Skylanders Spyro’s Adventure came out of nowhere last year to become the hottest selling toy of the holiday season. It sold out in droves, forcing parents to pay high scalper fees in order to sate their kids’ desires come Christmas time. The absolute fever pitch of Skylanders-mania surprised everyone; everyone, that is, except for Activision, who has decided to turn Skylanders into a yearly franchise (as they are wont to do). It’s a brilliant idea: give the kids a small taste for a reasonable price, and drum up desire within the game by leaving players hanging unless they buy more action figures. Skylanders Giants (which has dropped Spyro almost completely from the game, and is not even included in the Starter set) is this year’s addition to the franchise, complete with new figurines and updates to old ones, and its worth as a game comes entirely from how much money you’re willing to put into it.
As you travel through the different areas of the Skylands, you’ll take your ragtag group of eclectic creatures and pit them against various evil monsters whose sole purpose is to prevent you from making it to the end of a given level. It plays out like a dumbed down version of Gauntlet or Diablo, where you’ll guide your Skylanders through a series of challenges, fighting off bad guys, gaining experience points, levelling them up, finding hidden treasures, and solving some light puzzles (mostly relegated to pushing blocks around, though later levels tend to come up with some pretty novel ideas). It’s all pretty mindless, and nothing ever gets too challenging, but there is a surprising amount of variety on display here. With sections that borrow from on-rails shooters, a minigame very similar to the card game from Final Fantasy VIII, a boss fight that gave me flashbacks to Ikaruga (!!!) of all things, there are tons of surprises to be found in every level. It does borrow a lot from other games, but it handles most of these disparate gameplay ideas well enough to be entertaining. It’s not perfect by any stretch of the imagination, and the controls tend to feel stiff more often than not. Even so, there is a depth and entertainment level here that is sorely lacking from most children’s games.
This is all well and good, but there is one huge caveat with Skylanders and your ultimate enjoyment of this game hinges on whether or not you will buy into it. In order to see everything Giants has to offer, you have to spend money; quite a bit of it, actually. See, each Skylanders figurine has a chip built into the base, and when you place your figurine on the Portal of Power the portal reads the chip and loads the character into the game. All data regarding that character (experience points, stats, abilities, etc.) are saved onto the figurine itself, so intrepid youngsters can take their figurines over to a friend’s house and keep all their information intact. You can beat the game with the three main starter figures — you have to have one of the Giants at the very least, as there are certain barriers to progression that are only surmountable by them — but there are tons of hidden secrets in each level: there are hidden hats which provide stat bonuses to your Skylanders, Soul Gems which unlock hidden abilities, treasure chests which shower you in jewels, and other secrets. Many of these hidden items lie off the beaten path, to which you are barred passage unless you have a Skylander of the proper element. You get three Skylanders in the Starter Set: Cynder (a Death-based Skylander), Jet-Vac (an Air-based Skylander), and Tree Rex (a Giant Life-based Skylander). There are eight total elements, so in order to access all of the secret areas, you’ll need at least five more Skylanders to round out all of the element types. That’s about $50 in figures to access content already on the disc.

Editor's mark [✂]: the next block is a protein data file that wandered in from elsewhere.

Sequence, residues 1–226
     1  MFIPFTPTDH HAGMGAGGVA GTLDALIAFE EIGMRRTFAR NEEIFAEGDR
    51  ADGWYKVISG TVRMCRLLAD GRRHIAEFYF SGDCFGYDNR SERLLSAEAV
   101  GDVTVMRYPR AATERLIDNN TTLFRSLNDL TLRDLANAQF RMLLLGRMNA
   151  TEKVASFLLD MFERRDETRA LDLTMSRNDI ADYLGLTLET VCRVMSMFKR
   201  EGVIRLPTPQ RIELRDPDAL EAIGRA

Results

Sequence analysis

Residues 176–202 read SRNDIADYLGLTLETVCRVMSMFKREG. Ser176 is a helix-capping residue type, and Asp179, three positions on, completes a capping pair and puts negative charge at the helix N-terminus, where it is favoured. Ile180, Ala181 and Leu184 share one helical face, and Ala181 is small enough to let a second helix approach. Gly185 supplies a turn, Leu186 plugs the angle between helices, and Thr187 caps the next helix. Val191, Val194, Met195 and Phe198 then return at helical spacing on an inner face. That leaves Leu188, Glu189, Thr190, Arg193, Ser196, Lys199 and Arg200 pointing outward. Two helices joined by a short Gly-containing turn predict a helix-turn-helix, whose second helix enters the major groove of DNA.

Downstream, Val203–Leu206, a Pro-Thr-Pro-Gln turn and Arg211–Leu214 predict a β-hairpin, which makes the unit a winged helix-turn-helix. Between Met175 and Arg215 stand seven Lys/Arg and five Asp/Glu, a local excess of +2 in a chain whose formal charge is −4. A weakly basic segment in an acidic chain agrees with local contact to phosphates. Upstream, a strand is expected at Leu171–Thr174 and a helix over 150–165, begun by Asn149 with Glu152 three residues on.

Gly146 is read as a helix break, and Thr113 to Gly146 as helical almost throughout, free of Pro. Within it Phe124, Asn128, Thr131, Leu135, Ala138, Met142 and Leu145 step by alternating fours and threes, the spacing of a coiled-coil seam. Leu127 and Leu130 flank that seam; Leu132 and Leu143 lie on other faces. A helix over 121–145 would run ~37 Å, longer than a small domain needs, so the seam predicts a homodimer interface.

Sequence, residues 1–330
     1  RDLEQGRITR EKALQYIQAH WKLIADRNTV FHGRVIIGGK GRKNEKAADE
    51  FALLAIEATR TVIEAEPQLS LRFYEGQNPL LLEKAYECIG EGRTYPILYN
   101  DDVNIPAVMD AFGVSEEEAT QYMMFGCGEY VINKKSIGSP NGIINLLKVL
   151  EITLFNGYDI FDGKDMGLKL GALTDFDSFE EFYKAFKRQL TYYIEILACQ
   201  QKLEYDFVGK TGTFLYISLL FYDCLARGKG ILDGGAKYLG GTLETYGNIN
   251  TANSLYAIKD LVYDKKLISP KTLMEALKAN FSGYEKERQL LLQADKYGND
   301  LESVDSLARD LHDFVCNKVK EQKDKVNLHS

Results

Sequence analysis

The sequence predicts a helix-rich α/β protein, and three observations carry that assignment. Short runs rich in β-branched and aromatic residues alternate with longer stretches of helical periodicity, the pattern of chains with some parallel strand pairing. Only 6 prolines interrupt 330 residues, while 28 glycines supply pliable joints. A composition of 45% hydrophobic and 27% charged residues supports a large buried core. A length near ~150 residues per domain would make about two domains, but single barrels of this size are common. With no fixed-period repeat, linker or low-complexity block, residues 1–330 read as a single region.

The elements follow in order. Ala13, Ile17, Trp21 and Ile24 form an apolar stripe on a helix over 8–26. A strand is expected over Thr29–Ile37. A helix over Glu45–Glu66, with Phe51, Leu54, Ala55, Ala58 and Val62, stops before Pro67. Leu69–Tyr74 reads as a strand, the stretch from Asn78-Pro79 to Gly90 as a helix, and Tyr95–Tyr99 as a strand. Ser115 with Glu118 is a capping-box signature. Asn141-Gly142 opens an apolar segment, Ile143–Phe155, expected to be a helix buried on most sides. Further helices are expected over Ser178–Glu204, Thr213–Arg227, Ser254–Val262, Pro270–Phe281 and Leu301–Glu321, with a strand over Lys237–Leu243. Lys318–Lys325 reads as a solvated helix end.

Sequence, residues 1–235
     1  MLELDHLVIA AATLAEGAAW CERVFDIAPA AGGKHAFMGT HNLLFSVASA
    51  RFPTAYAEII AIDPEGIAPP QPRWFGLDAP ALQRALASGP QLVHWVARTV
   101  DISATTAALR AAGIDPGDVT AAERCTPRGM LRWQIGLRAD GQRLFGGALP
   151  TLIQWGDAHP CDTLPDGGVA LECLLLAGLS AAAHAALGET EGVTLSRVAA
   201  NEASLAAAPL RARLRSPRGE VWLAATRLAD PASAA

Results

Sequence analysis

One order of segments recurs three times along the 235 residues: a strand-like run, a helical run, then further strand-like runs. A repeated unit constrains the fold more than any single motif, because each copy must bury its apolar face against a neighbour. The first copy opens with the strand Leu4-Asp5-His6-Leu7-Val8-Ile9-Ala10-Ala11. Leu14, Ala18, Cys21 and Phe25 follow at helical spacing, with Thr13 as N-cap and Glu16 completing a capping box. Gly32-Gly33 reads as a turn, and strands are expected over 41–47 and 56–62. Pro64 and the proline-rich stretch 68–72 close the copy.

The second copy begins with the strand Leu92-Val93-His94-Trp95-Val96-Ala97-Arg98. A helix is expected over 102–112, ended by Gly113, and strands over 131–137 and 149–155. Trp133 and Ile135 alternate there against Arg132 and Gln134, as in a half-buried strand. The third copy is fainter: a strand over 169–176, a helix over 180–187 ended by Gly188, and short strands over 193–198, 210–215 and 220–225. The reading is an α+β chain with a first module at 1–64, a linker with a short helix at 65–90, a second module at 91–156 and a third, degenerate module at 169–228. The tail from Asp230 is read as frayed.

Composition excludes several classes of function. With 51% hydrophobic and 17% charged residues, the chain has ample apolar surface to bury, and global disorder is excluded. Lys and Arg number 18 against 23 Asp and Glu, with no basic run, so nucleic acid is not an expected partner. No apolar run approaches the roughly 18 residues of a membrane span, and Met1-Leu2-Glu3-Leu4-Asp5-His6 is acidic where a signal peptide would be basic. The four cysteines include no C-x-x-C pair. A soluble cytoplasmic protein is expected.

You will also find the game far easier the more figurines you have in your possession. Each Skylander is essentially one “life” in typical video game parlance; if it dies, you must retire it until you complete the level and switch to a different figurine. The more Skylanders you have, the more “lives” you have to complete a level. While the normal difficulty isn’t that hard, there is a harder difficulty level, and I imagine it can get pretty rough without having that safety net available. Also, certain areas contain affinities for different elements, granting strength and experience bonuses to Skylanders of that type and encouraging players to constantly be switching out their figurines rather than relying on one type to get them through the game. It can be a pain to constantly switch Skylanders back and forth because it has to be done by manually picking them up off the Portal (whose cord is only so long) and put a new one on, but it is nice to be able to physically interact with the characters you’re playing with on screen.
Skylanders Giants is an expensive proposition. To jump right in requires a willingness to buy into the whole concept that you won’t be able to do everything in the game without potentially dropping several hundreds of dollars into physical figurines to unlock content already available on the disc. If you’ve already made that investment from the first game this is kind of a no-brainer, as you get a pretty hefty adventure with a ton of secrets and unlockables and all of your previous figures carry over into the new game. What value you get out of Skylanders Giants is tied directly to how much you’ll be willing to spend on it and while it’s definitely pricey, the added value of a physical product that is actually a pretty well made and exciting piece of tech softens the blow a bit. The game itself is way more fun than it has any right being, and while it doesn’t pull off its concepts perfectly, it does manage to stay interesting throughout, with tons of clever little ideas and nods to other games. So parents, I warn you: your children’s new obsession has arrived, and it’s probably best not to fight it.